# Send the query to one of the Pool authoritative servers
# in this case, I am using the IP address of c.ntpns.org.
auth_server_ip = ''
response = dns.query.udp(q, auth_server_ip)

# Extract and process the response (e.g. print the IP addresses)
for rrset in response.answer:
    for rr in rrset:
        if rr.rdtype == dns.rdatatype.A:
            print(f'IPv4 Address: {rr.address}')

This code will return a single NTP server to all clients in Cameroon. In our view, this is a very restrictive form of mapping — why will only a single server be assigned to all users in Cameroon (there are 28.28M inhabitants in Cameroon, with 12.89M Internet users)?

This restrictive mapping of clients to servers raises two questions:

  1. Why does GeoDNS use such a constrained form of mapping?
  2. What are the consequences for clients?

Why is the mapping so constrained? Is such constraint necessary?

We asked the NTP Pool operators about the mapping, and we were told that it is about ‘minimizing the risk of asymmetric routing and dropped packets‘.

Well, it turns out that most Internet paths are already asymmetrical, so it is not an NTP Pool-only problem (there have been several studies dealing with NTP and asymmetrical paths).

Regarding packet loss, we carried out experiments from 132 Atlas probes located in 21 economies that have Cloudflare as their only time provider if they use the NTP Pool. We compared the packet loss and precision from each probe to each NTP server if they were to use other time servers in other continents, instead of only using Cloudflare, in other words, if GeoDNS were to assign them to other servers elsewhere.

Figure 4 shows the results. We see on the x-axis individual Atlas probes, which are like real clients. On the y-axis, we see each NTP server (one per continent and Cloudflare, for reference). We see that most Atlas VPs have no problem connecting to NTP servers on other continents — the only exception is the South American servers, which many VPs had issues reaching. Most servers and Atlas VPs on other continents could deliver precise time information, and packet loss was not an issue. This small example demonstrates that such restrictive mapping is not needed — at least not on this small scale.

Figure 4 — Missing responses ratio per time server and Atlas Probe.
Figure 4 — Missing responses ratio per time server and Atlas Probe.

Consequences for users

The implications of the mapping for users are clear when we look into how many NTP servers they are assigned to.

Figure 5 shows the number of NTP servers all users from an economy have available if they use the Pool. Given that the NTP Pool comprises more than 4.7k NTP servers, we regard this distribution as highly skewed and unfair for the client population — African clients are served by far fewer servers than the US or West European clients. It looks like it perpetuates the division between the haves and the have-nots, unintentionally.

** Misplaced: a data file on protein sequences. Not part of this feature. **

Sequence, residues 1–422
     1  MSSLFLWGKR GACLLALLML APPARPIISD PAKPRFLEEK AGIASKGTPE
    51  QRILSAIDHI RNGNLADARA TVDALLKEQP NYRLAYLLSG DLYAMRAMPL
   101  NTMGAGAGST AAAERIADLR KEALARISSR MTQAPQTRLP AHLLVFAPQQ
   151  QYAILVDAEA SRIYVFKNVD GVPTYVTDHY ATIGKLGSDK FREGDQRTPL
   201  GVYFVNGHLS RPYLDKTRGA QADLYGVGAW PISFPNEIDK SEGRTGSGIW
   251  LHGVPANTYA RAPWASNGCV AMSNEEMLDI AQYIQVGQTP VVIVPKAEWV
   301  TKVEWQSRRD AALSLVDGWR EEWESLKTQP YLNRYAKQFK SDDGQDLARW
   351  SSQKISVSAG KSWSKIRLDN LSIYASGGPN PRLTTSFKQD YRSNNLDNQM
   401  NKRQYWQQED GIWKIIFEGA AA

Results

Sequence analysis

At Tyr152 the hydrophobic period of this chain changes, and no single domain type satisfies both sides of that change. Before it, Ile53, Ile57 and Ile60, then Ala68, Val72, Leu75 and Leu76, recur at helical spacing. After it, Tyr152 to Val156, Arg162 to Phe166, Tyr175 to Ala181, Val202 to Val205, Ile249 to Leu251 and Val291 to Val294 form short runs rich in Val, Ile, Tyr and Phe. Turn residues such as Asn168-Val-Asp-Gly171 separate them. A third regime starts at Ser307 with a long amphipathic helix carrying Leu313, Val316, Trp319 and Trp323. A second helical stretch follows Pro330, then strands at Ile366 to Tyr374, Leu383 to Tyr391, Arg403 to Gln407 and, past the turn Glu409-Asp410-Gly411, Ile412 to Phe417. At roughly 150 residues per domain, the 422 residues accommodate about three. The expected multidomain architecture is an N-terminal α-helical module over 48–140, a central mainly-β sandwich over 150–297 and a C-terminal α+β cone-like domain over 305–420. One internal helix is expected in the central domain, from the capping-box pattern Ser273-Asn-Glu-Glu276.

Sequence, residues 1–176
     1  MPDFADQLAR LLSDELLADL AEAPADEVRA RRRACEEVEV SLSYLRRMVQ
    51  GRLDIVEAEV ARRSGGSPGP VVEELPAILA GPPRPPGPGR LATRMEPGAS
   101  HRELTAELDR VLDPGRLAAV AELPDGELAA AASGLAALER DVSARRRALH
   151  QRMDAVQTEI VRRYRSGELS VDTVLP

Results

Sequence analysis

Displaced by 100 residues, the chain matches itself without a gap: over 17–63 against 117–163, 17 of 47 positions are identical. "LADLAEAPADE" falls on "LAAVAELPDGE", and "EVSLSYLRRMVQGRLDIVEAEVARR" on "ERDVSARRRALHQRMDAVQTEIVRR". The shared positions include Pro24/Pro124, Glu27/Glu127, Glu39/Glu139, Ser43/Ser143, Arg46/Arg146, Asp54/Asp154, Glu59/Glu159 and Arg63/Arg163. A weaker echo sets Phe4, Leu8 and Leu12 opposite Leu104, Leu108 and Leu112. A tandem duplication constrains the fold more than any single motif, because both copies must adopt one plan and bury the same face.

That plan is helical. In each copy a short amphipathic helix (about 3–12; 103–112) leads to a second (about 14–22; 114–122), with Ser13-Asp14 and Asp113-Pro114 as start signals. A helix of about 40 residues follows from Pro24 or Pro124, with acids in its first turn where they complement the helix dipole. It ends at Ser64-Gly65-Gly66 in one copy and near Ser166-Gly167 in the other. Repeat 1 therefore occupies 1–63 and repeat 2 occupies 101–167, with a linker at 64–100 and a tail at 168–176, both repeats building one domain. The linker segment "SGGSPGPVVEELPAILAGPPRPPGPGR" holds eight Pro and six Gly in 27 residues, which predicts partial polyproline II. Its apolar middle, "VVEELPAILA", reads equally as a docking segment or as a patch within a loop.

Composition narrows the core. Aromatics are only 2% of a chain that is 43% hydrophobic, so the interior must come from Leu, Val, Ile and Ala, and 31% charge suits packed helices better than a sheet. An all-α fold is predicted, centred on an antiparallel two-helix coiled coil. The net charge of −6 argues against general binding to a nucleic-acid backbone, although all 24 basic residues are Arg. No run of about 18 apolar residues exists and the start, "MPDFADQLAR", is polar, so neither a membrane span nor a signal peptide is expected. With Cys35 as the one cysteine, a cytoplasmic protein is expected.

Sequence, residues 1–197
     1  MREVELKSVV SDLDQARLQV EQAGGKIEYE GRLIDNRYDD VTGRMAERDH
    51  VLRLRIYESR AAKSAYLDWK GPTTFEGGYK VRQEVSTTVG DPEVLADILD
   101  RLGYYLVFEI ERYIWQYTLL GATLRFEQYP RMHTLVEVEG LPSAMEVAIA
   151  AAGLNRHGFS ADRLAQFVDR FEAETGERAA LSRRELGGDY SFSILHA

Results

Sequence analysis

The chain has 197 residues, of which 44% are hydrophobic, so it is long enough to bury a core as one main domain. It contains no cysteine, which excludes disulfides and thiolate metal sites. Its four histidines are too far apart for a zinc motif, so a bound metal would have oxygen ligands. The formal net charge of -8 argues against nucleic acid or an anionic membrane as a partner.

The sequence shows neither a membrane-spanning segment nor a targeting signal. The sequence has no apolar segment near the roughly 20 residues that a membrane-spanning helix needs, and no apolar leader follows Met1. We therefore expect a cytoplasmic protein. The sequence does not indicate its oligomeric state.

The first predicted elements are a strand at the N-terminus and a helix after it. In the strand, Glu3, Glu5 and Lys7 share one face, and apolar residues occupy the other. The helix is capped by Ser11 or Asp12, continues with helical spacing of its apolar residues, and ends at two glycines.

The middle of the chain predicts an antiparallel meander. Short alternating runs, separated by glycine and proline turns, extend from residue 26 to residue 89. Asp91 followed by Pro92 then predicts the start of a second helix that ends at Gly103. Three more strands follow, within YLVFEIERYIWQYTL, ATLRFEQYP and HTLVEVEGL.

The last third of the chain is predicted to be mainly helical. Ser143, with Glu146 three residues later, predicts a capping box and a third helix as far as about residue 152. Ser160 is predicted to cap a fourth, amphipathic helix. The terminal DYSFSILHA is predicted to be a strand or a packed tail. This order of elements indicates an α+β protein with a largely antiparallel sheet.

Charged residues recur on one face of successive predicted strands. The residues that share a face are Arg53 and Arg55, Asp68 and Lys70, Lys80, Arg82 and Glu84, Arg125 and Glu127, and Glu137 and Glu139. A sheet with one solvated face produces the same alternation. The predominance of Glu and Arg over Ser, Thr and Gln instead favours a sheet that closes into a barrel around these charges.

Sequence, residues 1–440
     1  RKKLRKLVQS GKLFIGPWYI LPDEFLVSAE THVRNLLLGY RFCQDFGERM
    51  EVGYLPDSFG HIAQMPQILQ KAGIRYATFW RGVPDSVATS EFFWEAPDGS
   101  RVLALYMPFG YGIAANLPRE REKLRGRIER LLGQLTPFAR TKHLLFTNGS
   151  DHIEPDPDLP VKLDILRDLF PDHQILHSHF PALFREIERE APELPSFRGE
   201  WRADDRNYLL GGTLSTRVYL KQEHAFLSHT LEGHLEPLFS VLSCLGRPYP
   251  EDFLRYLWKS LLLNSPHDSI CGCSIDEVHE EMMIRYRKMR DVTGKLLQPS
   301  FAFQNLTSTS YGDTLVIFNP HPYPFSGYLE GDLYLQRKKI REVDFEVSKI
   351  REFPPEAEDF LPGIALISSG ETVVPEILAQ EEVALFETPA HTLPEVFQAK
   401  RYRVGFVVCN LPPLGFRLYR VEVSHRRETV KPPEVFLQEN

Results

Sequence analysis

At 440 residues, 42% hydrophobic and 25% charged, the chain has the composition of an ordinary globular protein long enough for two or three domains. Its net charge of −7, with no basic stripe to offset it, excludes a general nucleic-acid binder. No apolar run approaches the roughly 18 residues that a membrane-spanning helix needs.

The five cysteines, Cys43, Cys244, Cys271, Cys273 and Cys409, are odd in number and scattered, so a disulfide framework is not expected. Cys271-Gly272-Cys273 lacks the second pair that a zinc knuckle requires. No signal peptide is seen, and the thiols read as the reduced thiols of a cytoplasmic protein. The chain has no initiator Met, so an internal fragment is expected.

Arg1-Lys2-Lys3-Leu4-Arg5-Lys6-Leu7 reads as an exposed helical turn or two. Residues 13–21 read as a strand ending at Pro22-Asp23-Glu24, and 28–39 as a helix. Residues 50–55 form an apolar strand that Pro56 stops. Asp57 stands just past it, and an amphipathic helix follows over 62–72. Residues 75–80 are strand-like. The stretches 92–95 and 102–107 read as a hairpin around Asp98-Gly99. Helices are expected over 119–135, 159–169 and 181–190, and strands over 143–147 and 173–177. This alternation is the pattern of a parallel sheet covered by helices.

Figure 5 — Number of NTP servers for all users in an economy.
Figure 5 — Number of NTP servers for all users in an economy.

But the real issue is that users from 27 economies, totalling 767M inhabitants and 465M Internet users, are served by a single AS as a time provider when using the NTP Pool, even if the NTP Pool lists more than 4.7k servers. These are the economies in red in Figure 6 and expanded in the table.

Figure 6 — Number of ASes (time providers) serving each economy.
Figure 6 — Number of ASes (time providers) serving each economy.

The table below lists all economies served by a single AS if they use the NTP Pool.

Laos PDRLebanonMacaoMongoliaMozambiqueNigeriaOman
Table 1 — Economies served by a single-time provider: Cloudflare and other ASes (bold).

Next, we can compute the number of Internet users per NTP server if they choose to use the NTP Pool. We see that Nigeria, with two NTP servers only, has 60M Internet users per server. The US and Western Europe have fewer than 0.47M users per NTP server (many African economies have similar ratios, but this is because they do not have NTP servers in their economy, so they fall back to the African zone).

Figure 7 — Ratio of Internet users per NTP server.
Figure 7 — Ratio of Million Internet users per NTP server.

Security implications

There are multiple security implications of the constrained mapping. First, economies with no servers in their zone (which falls back to their continent zones) can have all their traffic monopolized by a single NTP server. All it takes is an NTP server to be added to their economy zone. If this NTP server happens to be malicious (sends false time information), it can be used to carry out time-shift attacks. We have shown in our paper (Section 4.3) how that happens incidentally with Guernsey. 

The NTP Pool has its own monitors, which detect and evict badly behaved NTP servers, but they can also be fooled. The same attacks can be applied to affect some of the NTP traffic from one economy by creating a race condition. A determined attacker can shift the clocks of all NTP Pool devices in an economy if they carry out their attack carefully. 

What’s next

We presented our findings to the NTP Pool operators in July 2023, and they are planning to fix the issue we identified, by having a new DNS name for the new zones, and then over time, migrating the old names to point to the new one (probably economy by economy) so we can start by migrating things that work poorly now. However, as far as we can tell, these changes have not yet been made.

Finally, even though the current NTP Pool setup has the issues described, let us not forget the big picture — that we should thank the NTP Pool’s volunteer operators, who have been running this service for 20+ years. They are the most popular time service on the Internet, one of the few services that have not (yet) been replaced by large cloud and content operators. Nevertheless, the system can be improved to prevent such restrictive mapping and potential security incidents.

This blog summarizes the main findings of our ACM SIGMETRICS 2024 paper.

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The views expressed by the authors of this blog are their own and do not necessarily reflect the views of APNIC. Please note a Code of Conduct applies to this blog.